No Image Available

Seb Anthony

Read more from Seb Anthony

googletag.cmd.push(function() { googletag.display(‘div-gpt-ad-1705321608055-0’); });

Any examples of cultural differences in negotiations?


We are putting together a short training course (on NLP skills for Trainers) which is targetted at trainers working across cutlures. One particular aspect relates to understanding how, if at all, different cultures approach negotiations.
Whikst well aware of the challenges of stereotyping, I woudl welcome any ideas out there on what cultural differences, if any, exist.

Is it true that Japanese rarely say "No"? And, if so, how does one sense that the answer WAS "no"?
Do Americans really have a reputation for "hard nosed, don't give anything away"?
Do the Brits really fudge the issues?
Is it typical in an Arab culture to start really high with an expectation of significant bartering?
I'm sure there may be loaqds more - true or not so!
Geoff Roberts

2 Responses

  1. Cultural DIversity
    A MASSIVE topic and potentially a massive course for trainers equality proofing arrangements and from an employment and customer care perspective. But here’s a short cut for all you will need…

    Buy a copy – about £15.00 – in paperback of “RIDING THE WAVES OF CULTURE-UNDERSTANDING CULTURAL DIVERSITY IN BUSINESS” by Trompenaars and Hampden TUrner. Second edition now out. ISBN is 1-85788-176-1

    You won’t put it down.Indeed you’ll carry it strapped to your back in the Training Room.
    If you go on to do customer care,run an exercise based on all the things that can go wrong eg
    SYSTEMS and PROCEDURES indirectly discriminating
    MEET and GREET protocols
    You have listed some.THe subject is vast which is why my strong advice is that you research your local community profile and social atlas based on the 2001 census returns.You can then major accordingly on your locality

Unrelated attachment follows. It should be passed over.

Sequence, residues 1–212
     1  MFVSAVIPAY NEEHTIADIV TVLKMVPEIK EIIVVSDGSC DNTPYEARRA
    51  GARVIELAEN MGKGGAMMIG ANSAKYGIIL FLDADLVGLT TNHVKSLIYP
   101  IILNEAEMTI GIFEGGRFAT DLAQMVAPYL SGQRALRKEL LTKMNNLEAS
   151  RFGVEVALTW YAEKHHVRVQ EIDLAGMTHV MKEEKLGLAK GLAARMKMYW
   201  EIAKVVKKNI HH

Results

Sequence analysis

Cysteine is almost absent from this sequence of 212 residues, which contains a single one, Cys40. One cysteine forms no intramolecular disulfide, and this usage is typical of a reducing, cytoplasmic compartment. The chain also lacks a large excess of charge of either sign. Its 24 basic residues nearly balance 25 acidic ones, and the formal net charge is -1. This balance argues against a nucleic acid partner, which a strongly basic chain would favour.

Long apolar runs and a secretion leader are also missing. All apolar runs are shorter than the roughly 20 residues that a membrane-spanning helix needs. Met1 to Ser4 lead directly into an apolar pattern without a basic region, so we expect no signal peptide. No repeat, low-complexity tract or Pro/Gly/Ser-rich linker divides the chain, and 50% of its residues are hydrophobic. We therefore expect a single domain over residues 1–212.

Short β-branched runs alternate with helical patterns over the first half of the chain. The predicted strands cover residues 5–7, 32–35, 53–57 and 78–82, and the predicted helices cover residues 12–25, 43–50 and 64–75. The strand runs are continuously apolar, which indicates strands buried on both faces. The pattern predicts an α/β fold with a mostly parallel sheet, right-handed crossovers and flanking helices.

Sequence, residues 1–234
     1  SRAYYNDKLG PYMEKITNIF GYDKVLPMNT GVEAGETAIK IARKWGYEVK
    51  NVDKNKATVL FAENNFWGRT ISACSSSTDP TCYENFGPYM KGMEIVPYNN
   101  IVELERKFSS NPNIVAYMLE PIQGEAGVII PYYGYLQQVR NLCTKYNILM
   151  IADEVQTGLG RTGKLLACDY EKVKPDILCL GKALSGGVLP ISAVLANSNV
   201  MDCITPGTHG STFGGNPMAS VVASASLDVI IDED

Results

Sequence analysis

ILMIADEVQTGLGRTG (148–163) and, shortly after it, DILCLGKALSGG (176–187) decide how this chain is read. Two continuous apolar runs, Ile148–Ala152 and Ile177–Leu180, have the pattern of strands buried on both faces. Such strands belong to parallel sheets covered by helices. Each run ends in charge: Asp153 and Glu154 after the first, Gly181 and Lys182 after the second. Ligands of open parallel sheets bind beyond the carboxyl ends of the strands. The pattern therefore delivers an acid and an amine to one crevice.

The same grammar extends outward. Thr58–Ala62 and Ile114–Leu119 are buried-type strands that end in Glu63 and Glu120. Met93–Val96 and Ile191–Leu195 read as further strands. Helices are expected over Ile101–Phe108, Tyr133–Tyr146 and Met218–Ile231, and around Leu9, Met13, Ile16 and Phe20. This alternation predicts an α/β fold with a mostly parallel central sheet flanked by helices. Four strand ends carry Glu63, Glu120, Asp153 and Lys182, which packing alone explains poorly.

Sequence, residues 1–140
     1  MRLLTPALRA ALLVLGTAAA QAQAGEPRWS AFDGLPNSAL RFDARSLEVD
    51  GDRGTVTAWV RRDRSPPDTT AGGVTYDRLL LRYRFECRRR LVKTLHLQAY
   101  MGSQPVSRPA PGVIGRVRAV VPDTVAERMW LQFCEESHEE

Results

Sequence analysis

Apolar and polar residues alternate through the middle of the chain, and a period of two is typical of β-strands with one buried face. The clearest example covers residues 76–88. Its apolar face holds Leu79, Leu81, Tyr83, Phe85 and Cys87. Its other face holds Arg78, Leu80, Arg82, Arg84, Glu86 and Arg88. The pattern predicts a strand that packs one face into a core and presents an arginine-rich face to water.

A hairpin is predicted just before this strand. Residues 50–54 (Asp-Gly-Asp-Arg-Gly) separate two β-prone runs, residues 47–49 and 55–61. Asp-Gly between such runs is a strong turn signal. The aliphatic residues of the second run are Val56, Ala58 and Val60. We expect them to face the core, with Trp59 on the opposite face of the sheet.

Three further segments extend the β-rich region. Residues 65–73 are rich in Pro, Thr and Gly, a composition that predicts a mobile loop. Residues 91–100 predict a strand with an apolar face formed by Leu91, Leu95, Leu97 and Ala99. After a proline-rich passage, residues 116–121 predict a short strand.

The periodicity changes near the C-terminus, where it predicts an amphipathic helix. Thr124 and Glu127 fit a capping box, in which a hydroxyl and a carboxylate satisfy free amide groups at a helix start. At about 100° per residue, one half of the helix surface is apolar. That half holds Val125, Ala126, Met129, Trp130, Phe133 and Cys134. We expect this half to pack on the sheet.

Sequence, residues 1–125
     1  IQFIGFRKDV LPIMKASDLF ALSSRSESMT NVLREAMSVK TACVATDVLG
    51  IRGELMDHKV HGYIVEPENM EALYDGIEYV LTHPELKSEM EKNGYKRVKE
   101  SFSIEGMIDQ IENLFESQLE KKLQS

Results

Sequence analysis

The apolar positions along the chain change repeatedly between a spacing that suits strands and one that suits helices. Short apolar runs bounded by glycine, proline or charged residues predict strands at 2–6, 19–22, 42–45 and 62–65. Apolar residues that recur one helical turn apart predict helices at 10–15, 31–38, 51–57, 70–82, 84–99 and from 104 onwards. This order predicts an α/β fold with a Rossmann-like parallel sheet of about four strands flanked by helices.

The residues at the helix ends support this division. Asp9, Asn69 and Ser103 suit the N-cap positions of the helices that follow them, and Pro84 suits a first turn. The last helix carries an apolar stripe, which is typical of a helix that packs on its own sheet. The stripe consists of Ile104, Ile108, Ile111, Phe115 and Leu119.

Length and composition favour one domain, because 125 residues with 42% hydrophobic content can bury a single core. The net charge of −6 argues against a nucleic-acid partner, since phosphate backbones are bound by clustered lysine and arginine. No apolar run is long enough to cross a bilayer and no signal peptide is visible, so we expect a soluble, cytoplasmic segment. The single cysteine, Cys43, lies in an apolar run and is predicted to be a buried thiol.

Good luck


    [email protected]

  2. Lots of differences
    Geoff – I agree it is a tough topic for trainers to approach fraught with PC type issues etc.

    However having negotiated fairly large deals in most regions of the world I have to say that the stereotype trap is a big hole that the inexperienced tend to drop into. It is all too easy to go into negotiations with preconceived ideas as to how the opposite side is going to act. This can create confusion, waste time and ultimately lead to failure.

    So some advice – do as Fisher & Ury describe in their book “Getting to Yes” – split the person from the problem. Negotiate on the issues and not the personality as it were. If you do this then the probability of a good negotiated outcome is high. However I must just say that I am somewhat skeptical as to the driver behind their theory, I tend to think it arises from the American thirst for data driven management.

    Unfortunately one of the least practiced processes in negotiation is the preparation stage. Here not only should you understand your position, needs, wants, give aways and try to determine your opposite numbers positions, needs etc – but should also spend a fair amount of time researching on their backgrounds, social, political, economic etc.

    As far as the pure cultural related issues go then it is where negotiation starts to get very interesting and why I kept going so long internationally.

    For example I have come out of meetings in Italy really wondering what we achieved, no closure and no real sense of when we will get closure, later that night over pasta and wine the real deal was done to mutual satisfaction – that’s the way of business in Italy!. Understand it and have some fun I say.

    I could go on and on – drop me an email & maybe we could talk on the phone if you want more anecdotes and tips, obviously only one mans experience but I will gladly help out.

    Adrian Quinney


Get the latest from TrainingZone.

Elevate your L&D expertise by subscribing to TrainingZone’s newsletter! Get curated insights, premium reports, and event updates from industry leaders.

Thank you!